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All of Life's Ninths of Av

All of Life's Ninths of Av

Small brown bird standing on grey stone

I have a story to tell you. It’s about a tiny bird. But I’ll come back to that.

Tishah B’Av has been set aside as a day for the Jewish community to remember the destruction of the Jerusalem Temple two thousand years ago. Traditionally, this day is observed with fasting, prayers of lament and rituals of mourning. Two thousands years is a very  long time, however, and grief abates.

So if Tishah B’Av no longer compels, what’s to be done with it?

Earlier this week, while I was trying to figure this out, I took my dog for a walk. Not 10 feet outside the front door, we encountered a baby bird on the ground. It was alive, but I couldn’t tell by how much. I could only imagine it had fallen from its nest perhaps 50 feet above and that couldn’t have been good.

Charlie sniffed but respectfully backed away. My wife Ellen came out and very gently carried the bird to the bottom of the tree from which it had fallen. It was out of direct sunlight and the possibility of getting stepped on. It laid its head on its wing to rest. Not 30 minutes later, we checked on it, and it had died.

For a good while after, our home was subdued. Even Charlie seemed quiet. It was only a baby bird, but in the few minutes that it had entered our lives, it had evoked our sympathy and stolen our hearts. We grieved.

I wondered: Is this what we need in order to feel the pain of loss? If we are to act on human suffering, must we experience that suffering firsthand?

I have a handmade tallit (prayer shawl) that I purchased in Israel. Before completing the order, I was asked, “What text would you like embroidered on the atarah [crown]?” Well, that was going to take some thought and I returned home to America without completing the order. What text would I want to see every time I place that garment across my shoulders? Three weeks later, I sent them my response. It came from the Book of Job (38:35):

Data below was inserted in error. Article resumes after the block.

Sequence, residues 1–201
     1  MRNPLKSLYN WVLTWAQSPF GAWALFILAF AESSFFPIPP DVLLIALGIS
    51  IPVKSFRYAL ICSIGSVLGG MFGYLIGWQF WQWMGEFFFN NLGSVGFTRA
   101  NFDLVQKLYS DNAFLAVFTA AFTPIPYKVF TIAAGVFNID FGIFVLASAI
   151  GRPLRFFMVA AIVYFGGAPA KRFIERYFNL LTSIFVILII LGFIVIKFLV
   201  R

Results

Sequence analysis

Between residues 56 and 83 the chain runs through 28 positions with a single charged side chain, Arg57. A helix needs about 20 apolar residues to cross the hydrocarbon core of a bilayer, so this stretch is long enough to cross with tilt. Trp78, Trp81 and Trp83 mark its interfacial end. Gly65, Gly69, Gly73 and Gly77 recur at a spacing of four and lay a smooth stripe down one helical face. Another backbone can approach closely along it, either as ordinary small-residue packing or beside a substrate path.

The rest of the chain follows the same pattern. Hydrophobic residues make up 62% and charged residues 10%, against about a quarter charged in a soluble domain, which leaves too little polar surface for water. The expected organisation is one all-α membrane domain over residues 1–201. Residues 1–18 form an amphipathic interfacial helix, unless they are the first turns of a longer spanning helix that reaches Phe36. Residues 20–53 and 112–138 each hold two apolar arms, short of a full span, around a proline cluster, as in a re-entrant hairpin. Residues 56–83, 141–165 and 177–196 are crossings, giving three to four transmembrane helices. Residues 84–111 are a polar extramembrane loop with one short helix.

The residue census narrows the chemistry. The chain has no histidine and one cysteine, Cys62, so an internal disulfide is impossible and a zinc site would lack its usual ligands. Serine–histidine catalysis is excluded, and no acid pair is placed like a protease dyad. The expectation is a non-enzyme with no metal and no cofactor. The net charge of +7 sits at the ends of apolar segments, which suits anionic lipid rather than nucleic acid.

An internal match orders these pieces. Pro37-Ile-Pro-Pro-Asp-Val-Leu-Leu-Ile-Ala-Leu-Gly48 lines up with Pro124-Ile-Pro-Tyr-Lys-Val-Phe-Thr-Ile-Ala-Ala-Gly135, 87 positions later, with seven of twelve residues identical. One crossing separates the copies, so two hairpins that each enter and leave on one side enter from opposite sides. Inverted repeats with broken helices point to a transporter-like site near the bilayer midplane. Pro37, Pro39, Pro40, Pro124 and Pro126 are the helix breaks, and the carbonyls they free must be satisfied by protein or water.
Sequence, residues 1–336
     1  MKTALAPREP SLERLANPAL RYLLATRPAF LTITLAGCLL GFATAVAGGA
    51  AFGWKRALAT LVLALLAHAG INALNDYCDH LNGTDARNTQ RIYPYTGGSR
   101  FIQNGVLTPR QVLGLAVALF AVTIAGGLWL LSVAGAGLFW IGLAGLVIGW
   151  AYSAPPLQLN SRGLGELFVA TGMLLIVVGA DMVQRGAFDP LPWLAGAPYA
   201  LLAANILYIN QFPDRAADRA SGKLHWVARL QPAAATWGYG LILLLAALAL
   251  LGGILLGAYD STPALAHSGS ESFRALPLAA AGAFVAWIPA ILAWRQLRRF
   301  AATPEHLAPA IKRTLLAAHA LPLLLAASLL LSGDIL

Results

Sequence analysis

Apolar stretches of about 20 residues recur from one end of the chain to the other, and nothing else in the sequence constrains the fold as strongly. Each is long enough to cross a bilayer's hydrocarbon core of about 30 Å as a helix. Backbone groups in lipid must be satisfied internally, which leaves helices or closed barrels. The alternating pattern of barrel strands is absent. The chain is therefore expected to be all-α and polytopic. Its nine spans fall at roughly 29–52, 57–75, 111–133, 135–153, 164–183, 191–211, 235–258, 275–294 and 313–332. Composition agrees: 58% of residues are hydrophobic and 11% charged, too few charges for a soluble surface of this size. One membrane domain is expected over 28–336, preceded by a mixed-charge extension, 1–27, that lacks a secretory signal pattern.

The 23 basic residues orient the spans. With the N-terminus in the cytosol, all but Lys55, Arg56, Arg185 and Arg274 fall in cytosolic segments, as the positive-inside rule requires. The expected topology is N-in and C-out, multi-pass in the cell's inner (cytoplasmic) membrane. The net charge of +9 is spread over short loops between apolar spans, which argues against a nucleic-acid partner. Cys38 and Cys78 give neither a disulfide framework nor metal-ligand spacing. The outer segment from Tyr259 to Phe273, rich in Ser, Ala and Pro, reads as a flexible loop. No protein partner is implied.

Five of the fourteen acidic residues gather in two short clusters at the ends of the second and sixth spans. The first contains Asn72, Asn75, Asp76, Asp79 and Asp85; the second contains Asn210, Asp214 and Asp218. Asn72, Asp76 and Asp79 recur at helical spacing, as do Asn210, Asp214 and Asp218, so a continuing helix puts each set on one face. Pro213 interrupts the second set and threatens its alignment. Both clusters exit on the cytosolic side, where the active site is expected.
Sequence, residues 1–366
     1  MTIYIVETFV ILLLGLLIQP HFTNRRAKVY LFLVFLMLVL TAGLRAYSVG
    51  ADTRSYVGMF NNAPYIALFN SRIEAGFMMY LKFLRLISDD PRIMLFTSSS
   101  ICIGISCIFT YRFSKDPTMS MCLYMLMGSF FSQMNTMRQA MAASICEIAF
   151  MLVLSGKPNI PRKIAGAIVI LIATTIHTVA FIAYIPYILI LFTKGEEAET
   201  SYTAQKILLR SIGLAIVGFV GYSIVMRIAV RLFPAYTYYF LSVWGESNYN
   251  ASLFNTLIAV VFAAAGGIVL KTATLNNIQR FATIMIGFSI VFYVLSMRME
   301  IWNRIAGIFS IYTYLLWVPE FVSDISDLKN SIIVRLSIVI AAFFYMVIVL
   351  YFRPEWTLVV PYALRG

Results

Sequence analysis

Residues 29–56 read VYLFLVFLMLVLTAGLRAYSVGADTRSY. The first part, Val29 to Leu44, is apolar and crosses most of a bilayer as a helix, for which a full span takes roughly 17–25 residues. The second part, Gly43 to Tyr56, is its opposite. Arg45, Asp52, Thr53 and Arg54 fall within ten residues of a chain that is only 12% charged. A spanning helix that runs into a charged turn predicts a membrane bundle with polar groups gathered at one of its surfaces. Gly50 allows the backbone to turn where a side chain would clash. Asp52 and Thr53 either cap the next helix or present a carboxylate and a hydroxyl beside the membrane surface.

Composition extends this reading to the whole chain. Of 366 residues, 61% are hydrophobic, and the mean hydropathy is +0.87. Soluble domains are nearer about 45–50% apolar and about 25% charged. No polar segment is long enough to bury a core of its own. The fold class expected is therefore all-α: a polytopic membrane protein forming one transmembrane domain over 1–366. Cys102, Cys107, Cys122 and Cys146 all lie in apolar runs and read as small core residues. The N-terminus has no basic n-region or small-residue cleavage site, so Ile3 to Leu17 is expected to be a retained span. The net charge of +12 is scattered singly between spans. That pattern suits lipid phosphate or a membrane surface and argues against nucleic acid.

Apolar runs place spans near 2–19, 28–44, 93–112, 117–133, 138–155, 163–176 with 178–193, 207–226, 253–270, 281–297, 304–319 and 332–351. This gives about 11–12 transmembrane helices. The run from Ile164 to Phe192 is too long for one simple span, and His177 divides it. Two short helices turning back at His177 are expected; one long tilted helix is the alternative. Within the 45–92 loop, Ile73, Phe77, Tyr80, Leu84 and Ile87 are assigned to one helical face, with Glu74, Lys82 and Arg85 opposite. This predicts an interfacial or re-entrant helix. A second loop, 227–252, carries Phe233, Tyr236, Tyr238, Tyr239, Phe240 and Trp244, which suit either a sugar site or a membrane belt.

For me, this text, God’s response to Job’s asking what we all want to know, “Why?” Why has my health failed? What has my loved one died? Why is my marriage over? Why did that earthquake have to cause so much destruction? How can that leader condone so much suffering?

God’s response to Job was that there is so much we can’t control. And there are questions for which we will never have answers.

We may not like that response, but it seems pretty accurate to me.

There is a passage, however, from Noah benShea’s Jacob the Baker that helps me live with this unsettling reality:

Watching a flotilla of small sticks and leaves dropped into a river race and tumble around one bend only to be caught in another, someone said, “Clearly we are not in control of where our lives are going.” But another responded, “We are nevertheless responsible for how we conduct ourselves as we are carried on.”

This is how I’ve tried to approach my life, which has been a pretty easy one compared to so many others, but I’ve had my share of sorrows. I don’t hide my grief, but I try not to be crushed by it either.

Here’s what I’ve been thinking about Tishah B’Av: Each of us quite likely has horrible moments that are ours. Not all are the result of evil people, but they are painful memories no less. Loved ones die. Natural disasters claim the lives of hundreds. Political disasters (like tearing immigrant children away from their parents) exact a different but no less painful price.

Tishah B’Av comes along. We allow our pain to reemerge, even after 2,000 years. Or we just remember — we don’t own, or we don’t directly feel, that pain. The message in both cases, I believe, is that these memories and their concomitant feelings are valid but, if possible, they ought not end there. Painful memory can and should be used for good purpose.

Perhaps by limiting this communal grief to a single day, Jewish tradition is trying to say, “It doesn’t have to ever go away. But like that flotilla of small sticks and leaves, we need to choose how to live in its aftermath. Always always, choose life.”

We needn’t relinquish our sadnesses forever. The hurt might never fully go away. But if in addition to missing what has been lost, we can turn that grief (and our hearts) toward making the world a bit more hospitable for someone else, then our pain and the grief that comes from someone’s life having ended far too soon (or whatever it is that lingers on), perhaps we can turn it toward something of deepening value and even personal redemption.

That little bird haunts me. I think I’ll be carrying the image of its dying for a while yet. I don’t think I’m going to become a bird doctor, but my sadness did prompt me to write this — and perhaps, as Tishah B’Av approaches, that’s of some worth and a fine way to channel this loss.

For me, that seems like a good lesson learned.

Rabbi Billy Dreskin is a rabbi at Woodlands Community Temple near White Plains, New York. His writings are online at his personal website and at The Jonah Maccabee Foundation.

Rabbi Billy Dreskin
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